The first time I really remember seeing him, Bernie Kosar was about to be on the wrong side of history. As a kid, I had watched the 1984 Orange Bowl, but I didn’t really know who the QB was. It seemed to be more team on team than man on man.
When I saw the lithe 6-foot-5 man taking on the 5-foot-9 elf from Boston College on the day after Thanksgiving, the midget in me pulled for Doug Flutie.
I watched practically weeping as they showed Kosar on the sideline smiling and accepting congratulations from guys with bad mustaches and Jheri Curls.
“I want the short guy to win,” I wailed to my father. “Not this Bernie guy.”
My father tried to explain reality to me and how six seconds wasn’t enough time to do anything and so forth and so on…
For the next 30 years of my life, I pulled for that short guy but also for the tall one. Kosar found a way to finagle his passage to his hometown Cleveland Browns. I had loved the team for years, for reasons that still escape my family, and I watched him grow the team from weak roots to playoff promise.
I remember that cold-as-shit weekend in 1987 where he whipped the ball through an icy wind on the banks of Lake Erie for 489 yards, bringing his team back against the Jets for a 23-20 double OT win. He was down 10 with less than three minutes to go and he managed to make it happen for the Browns.
I also remember suffering with him as John Elway made the Browns his personal bitch. The Drive. The Drive II. The Fumble. Every year, Kosar would pull them to within an inch of the Super Bowl. Every year Elway would keep them an inch away.
It also seemed like every year, Kosar arrived in the playoffs made of nothing but duct tape and glue. He would be beaten, battered and nearly crippled.
He had the mobility of your average Greek statue and the escape ability of the passengers on the Titanic. In the days of Mark Gastineau, Lawrence Taylor, Mike Singletary and other rabid defenders, Kosar essentially wore a “Sack Me” sign every Sunday. Over 16 weeks, they would crush him repeatedly and mercilessly.
During one playoff game, I remember seeing a sideline report on Kosar’s hand. Turns out he had torn a tendon or something in the index finger of his throwing hand. To make sure he could play, the trainer built this thing out of a rubber band and epoxy.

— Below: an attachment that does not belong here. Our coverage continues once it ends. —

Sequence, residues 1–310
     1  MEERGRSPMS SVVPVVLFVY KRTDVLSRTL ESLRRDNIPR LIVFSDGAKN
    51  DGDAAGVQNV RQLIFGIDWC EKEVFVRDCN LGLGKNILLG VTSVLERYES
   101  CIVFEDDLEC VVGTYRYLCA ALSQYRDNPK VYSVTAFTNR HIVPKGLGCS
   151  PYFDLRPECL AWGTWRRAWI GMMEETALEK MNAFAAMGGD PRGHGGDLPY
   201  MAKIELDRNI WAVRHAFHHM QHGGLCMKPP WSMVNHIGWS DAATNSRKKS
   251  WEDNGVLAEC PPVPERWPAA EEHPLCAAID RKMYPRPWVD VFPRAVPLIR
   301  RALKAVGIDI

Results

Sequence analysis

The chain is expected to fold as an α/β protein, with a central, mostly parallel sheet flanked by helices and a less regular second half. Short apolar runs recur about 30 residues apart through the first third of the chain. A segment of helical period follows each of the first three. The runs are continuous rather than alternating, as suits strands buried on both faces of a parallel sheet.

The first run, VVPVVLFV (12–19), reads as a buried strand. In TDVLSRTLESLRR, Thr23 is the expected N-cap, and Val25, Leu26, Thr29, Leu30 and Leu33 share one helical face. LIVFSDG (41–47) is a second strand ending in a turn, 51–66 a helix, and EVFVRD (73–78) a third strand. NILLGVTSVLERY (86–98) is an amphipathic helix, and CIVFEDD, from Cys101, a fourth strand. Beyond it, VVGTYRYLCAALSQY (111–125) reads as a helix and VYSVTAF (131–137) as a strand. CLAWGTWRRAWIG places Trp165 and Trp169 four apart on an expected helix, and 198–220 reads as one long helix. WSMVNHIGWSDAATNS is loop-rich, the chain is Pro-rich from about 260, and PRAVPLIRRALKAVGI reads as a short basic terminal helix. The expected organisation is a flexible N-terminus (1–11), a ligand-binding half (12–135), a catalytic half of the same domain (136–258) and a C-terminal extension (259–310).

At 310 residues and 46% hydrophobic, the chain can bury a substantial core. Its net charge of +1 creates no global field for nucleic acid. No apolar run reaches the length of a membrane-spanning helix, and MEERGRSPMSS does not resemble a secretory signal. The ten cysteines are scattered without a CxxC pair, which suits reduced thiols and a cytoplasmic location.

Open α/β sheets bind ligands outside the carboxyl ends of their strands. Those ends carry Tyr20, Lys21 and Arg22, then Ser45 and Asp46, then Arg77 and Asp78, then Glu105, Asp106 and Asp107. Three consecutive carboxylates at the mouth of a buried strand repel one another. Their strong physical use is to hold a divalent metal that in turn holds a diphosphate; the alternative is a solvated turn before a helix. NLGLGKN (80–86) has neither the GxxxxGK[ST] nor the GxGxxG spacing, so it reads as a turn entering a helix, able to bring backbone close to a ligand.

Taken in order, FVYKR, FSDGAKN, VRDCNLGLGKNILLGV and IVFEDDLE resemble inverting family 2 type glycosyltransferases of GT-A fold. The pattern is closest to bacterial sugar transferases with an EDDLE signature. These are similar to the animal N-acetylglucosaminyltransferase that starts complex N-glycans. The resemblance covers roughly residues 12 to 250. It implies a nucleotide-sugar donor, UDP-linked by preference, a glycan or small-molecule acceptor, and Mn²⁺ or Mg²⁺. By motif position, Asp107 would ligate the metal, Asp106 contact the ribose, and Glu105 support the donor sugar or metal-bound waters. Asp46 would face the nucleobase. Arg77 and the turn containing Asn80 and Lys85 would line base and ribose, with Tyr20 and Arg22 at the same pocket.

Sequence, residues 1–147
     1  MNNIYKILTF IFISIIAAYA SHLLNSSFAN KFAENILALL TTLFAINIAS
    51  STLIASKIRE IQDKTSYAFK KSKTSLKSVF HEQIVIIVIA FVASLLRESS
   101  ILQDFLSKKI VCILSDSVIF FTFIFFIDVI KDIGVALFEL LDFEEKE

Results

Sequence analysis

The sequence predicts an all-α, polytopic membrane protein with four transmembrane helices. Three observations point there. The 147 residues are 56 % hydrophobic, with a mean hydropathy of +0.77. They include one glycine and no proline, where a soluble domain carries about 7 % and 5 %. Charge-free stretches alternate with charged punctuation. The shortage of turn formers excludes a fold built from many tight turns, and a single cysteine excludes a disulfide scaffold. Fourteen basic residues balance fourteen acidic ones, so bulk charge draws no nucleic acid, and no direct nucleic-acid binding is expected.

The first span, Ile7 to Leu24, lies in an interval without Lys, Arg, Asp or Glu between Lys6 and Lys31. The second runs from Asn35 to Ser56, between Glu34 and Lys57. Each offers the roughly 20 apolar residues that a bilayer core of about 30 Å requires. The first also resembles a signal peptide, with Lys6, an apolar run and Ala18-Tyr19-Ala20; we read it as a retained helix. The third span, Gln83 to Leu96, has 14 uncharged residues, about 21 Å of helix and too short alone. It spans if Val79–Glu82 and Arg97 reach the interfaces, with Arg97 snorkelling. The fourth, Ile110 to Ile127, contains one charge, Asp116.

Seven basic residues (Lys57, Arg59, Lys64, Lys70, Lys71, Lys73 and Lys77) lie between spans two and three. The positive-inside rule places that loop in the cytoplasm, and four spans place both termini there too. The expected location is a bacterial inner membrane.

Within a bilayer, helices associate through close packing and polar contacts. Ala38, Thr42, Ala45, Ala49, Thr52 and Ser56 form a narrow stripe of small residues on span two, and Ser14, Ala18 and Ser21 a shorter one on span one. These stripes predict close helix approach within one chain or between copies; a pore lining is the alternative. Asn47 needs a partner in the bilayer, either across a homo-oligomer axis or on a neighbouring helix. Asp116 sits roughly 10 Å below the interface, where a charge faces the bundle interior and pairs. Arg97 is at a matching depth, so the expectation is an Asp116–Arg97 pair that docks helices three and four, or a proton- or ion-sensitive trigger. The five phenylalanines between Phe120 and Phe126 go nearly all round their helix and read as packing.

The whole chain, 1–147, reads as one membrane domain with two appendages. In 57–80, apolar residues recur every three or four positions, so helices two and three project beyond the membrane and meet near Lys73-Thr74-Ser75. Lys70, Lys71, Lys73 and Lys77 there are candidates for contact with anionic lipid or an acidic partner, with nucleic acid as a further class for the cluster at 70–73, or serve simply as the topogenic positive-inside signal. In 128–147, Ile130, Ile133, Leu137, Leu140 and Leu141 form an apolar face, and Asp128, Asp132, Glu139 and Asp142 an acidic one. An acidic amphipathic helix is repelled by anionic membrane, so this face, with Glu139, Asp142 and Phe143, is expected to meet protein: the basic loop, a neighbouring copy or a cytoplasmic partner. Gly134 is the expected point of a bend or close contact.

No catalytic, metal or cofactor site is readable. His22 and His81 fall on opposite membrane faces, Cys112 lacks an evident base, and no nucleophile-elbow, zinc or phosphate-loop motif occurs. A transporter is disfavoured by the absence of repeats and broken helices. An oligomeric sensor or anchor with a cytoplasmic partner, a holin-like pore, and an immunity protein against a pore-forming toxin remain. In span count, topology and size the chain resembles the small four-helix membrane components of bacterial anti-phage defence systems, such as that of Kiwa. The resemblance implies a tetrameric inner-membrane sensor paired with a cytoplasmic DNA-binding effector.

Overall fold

They lost anyway.
Finally, I remember that one horrible fall in 1993 when Bill Belichick (before he was “Miracle Bill” of the Patriots), called a press conference and cut Kosar in mid-season without a viable backup to injured Vinny Testaverde. Belichick muttered the line “diminishing skills” and with that, he was gone.
The only good thing about that was seeing Kosar getting scooped up by the Cowboys, who were en route to a Super Bowl. When Troy Aikman got one of his patented concussions, Kosar stepped in and helped push the team into the Big Show.
(Over the years, I seemed to have remembered Bernie throwing a ridiculously good pass to Alvin Harper for a touchdown. Found it in that link. It's like finding a memory of your first kiss.)
The last snap of that Super Bowl win? All Kosar, who knelt to the ground to run out the clock.
I only got to see him play live once. It was in 1994 or 1995 when the Dolphins (his last stop) played the Packers in the pre-season Shrine Game at County Stadium. He led the Dolphins’ second unit down the field with ridiculous precision. Of course, he wasn’t going to supplant Hall of Famer to be Dan Marino, but I could dream.
Eventually he retired and became one of the few success stories in post-game life. He had a business degree and a good mind for running things. He invested in real estate, restaurants and greeting card businesses. He was doing exceptionally well.
Then, everything broke again.
The market turned, his wife left, his health began deteriorating. His fortune turned to dust and his fans started to wonder about him.
The Browns brought him back to do color on their broadcasts, only to find that fans believed him to be drunk or drugged up on TV. The slurred speech and the lapses in thought had them thinking the worst of the man who gave them his very best.
As it turns out, Kosar was dealing with serious post-concussion syndrome, much like many of his other mid-1980s NFL brethren. No one knew to ask for a while and when they did, Kosar wasn’t willing to share.
As of this writing, Kosar has finally come to grips with some of these issues. He’s still trying to rebuild his life. He’s speaking out on issues of finance, as witnessed in Billy Corben’s classic “30 for 30” film “Broke.” He also appears to be getting healthier.
Kosar recently spoke out in favor of an experimental treatment he’s been receiving for concussions. He said the pain has subsided, the ringing in his head has stopped and he feels healthier than he has since his 20s.
My only concern is in the minor details of the story (shown here) that refer to his doctor as a “pioneer” and the treatment as “groundbreaking.” In both cases, the quotes are directly from the source material, leaving me curious as to why the writer chose that path. My hope is that this isn’t some sort of snake oil salesman, glomming onto a downtrodden player in hopes of a fast buck. My cynicism leads me to think this to be the case, in spite of hoping against it.
Still, I’ll be keeping an eye on ol’ Number 19, watching him get back off the turf one more time.
If anyone deserves a winning outcome, it’s Kosar.